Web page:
Wednesday, August 16, 2006



Social Security Disability SSI and Auto Immune disorder (actually disorders)

As a disability examiner, I saw social security disability and SSI cases for which nearly any physical, psychiatric, or psychological condition you can think of was named as a disabling impairment.

What's very interesting, though, is how many of those impairments (aside from musculoskeletal, respiratory, digestive, endocrine, and cardiovascular) were defined as an autoimmune disorder. In fact, an extraordinary number of impairments are auto-immune disorders.

Here's a list of just the autoimmune disorders I can think of:

  • Ankylosing spondylitis

  • Myasthenia Gravis

  • MS, or multiple sclerosis

  • Type 1 Diabetes

  • Polymyositis

  • Scleroderma

  • Sjogren's syndrome

  • Vasculitis

  • Autoimmune Hepatitis

  • Crohn's Disease

  • Ulcerative Colitis

  • Lupus

  • Grave's Disease

  • Hashimoto's Thyroiditis

  • Rheumatoid Arthritis


Pretty amazing list. Unfortunately, the various state agencies that adjudicate social security disability and SSI claims (known as, depending on the state you live in, the bureau of disability determination, disability determination unit, and, most commonly, as DDS, or disability determination services) do not provide any real training to disability examiners on the nature of auto immune disorders.

Regarding the issue of medical-information training for examiners (please note that I did not say "medical training" but "medical information" training), there are two sides to the argument. One camp would say that you don't need to provide very specific and indepth training to initial claim adjudicators because the focus of the SSD / SSI definition of disability is on "residual function". In other words, you don't have to know much about the disorder itself as long as you know what its limiting effects are. And, to a large extent, this is true, of course. The name or classification of a disorder is secondary to how it affects an individual's ability to work.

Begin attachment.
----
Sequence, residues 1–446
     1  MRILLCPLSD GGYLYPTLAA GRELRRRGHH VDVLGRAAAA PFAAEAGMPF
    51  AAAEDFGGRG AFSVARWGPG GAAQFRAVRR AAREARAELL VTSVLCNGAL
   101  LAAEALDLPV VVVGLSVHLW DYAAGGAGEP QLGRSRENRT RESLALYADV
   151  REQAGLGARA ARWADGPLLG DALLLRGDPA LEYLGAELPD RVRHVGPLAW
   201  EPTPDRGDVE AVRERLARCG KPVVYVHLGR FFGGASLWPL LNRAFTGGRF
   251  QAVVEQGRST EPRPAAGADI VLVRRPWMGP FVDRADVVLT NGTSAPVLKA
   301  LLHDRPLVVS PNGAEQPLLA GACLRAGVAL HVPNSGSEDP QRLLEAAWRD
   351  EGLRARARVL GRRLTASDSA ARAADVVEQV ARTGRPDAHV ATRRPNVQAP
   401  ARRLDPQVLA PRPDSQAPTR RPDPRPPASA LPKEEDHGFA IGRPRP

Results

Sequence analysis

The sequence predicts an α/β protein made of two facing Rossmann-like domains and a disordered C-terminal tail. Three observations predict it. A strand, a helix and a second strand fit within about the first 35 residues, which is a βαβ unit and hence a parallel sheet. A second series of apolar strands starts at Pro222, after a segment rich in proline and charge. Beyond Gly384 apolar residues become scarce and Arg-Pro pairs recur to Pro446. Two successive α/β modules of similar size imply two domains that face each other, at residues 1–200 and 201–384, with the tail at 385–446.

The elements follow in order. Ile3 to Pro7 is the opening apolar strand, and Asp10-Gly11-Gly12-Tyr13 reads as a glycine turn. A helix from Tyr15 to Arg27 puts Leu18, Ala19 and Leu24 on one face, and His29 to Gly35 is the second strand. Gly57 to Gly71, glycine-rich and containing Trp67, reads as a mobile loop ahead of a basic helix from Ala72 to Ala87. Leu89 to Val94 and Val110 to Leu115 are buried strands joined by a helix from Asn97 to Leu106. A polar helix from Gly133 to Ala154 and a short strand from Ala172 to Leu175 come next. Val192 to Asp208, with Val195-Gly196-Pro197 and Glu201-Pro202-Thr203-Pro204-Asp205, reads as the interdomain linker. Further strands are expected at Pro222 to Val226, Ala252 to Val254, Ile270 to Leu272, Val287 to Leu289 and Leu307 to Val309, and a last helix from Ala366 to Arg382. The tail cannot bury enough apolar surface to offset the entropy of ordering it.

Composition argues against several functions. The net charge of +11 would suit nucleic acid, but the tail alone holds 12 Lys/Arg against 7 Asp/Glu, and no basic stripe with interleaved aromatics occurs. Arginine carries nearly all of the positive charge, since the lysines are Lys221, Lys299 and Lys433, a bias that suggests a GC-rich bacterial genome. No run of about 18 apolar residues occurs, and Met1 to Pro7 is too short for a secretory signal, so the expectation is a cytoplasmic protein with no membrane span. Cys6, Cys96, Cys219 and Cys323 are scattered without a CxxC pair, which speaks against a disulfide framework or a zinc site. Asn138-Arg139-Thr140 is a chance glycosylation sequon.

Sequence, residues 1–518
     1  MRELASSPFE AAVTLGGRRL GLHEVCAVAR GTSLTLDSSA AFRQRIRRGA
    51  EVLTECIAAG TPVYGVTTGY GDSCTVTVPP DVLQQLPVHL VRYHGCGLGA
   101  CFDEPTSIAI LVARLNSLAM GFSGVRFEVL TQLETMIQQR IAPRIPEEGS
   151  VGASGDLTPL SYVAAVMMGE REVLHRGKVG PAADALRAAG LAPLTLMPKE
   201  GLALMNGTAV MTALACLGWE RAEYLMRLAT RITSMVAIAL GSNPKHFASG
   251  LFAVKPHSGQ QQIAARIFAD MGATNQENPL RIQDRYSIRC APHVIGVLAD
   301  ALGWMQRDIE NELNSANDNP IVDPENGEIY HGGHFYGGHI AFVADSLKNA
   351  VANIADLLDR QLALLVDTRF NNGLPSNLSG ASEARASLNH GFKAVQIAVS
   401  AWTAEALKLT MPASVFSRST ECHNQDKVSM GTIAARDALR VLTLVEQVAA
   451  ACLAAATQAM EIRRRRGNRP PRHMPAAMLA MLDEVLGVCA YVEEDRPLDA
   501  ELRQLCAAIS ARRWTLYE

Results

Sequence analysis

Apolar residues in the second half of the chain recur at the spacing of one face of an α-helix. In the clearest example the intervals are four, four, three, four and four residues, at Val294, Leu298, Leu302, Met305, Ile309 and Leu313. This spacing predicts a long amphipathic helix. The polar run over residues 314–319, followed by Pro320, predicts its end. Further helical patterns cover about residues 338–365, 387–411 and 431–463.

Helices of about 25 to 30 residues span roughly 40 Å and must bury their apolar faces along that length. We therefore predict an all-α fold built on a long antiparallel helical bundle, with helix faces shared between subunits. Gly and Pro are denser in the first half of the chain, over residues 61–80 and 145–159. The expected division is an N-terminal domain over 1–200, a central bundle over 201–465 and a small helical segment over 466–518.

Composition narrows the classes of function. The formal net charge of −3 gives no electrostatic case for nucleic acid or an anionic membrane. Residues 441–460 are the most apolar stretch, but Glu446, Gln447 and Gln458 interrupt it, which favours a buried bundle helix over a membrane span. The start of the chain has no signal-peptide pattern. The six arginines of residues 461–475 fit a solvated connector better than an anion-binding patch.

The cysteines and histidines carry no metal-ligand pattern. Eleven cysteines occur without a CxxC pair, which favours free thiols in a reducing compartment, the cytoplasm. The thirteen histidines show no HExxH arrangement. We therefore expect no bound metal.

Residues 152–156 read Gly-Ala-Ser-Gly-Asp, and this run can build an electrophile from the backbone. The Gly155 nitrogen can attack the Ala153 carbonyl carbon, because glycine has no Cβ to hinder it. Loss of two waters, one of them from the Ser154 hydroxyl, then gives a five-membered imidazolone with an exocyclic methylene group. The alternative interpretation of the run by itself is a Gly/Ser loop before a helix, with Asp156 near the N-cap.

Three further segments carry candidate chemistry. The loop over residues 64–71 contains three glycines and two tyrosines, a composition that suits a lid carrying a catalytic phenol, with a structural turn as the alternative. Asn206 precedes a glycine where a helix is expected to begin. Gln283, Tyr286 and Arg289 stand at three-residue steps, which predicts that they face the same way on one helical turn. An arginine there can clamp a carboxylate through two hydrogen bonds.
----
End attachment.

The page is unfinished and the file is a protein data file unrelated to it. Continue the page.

However, there's a hole in that argument. Learning more about any particular disease (not just auto-immune disorders, but any condition that may potentially become disabling) could allow for significantly greater competency on the part of a disability examiner to evaluate the medical evidence pertaining to it.

This may be speculative, but I'm willing to bet that if you randomly selected 10 disability examiners, few, if any, would be able to provide a satisfactory definition of ankylosing spondylitis, or multiple sclerosis. And on that subject, few, if any, would be able to define the term auto-immune disorder.

Yes, yes, residual functional capacity and the ability or inability to return to work----that's the focus of evaluating social security disability and SSI claims. But you have to ask the question: how competently can you read and evaluate the MER (medical evidence of record) when you don't even really know what the disorder is. To me, that seems like a fairly bad disconnect.

Without a doubt (in my mind, at least) disability examiners should, for the benefit of claimants, receive ongoing medical information training. This would increase their competency and their ability to provide better writeups and case presentations for the unit medical consultants with whom they work (harder to do a writeup, I would think, when you don't really understand the "implications" of the medical evidence that you read and evaluate on a daily basis). Most likely, this will never happen, of course, due to funding and other issues.

By the way, autoimmune disorders are simply defined as disorders in which the body begins to produce antibodies to attack its own tissue. There are approximately forty medical conditions that carry the autoimmune disorder classification and around five percent of the population may ultimately be affected by an auto immune disorder.




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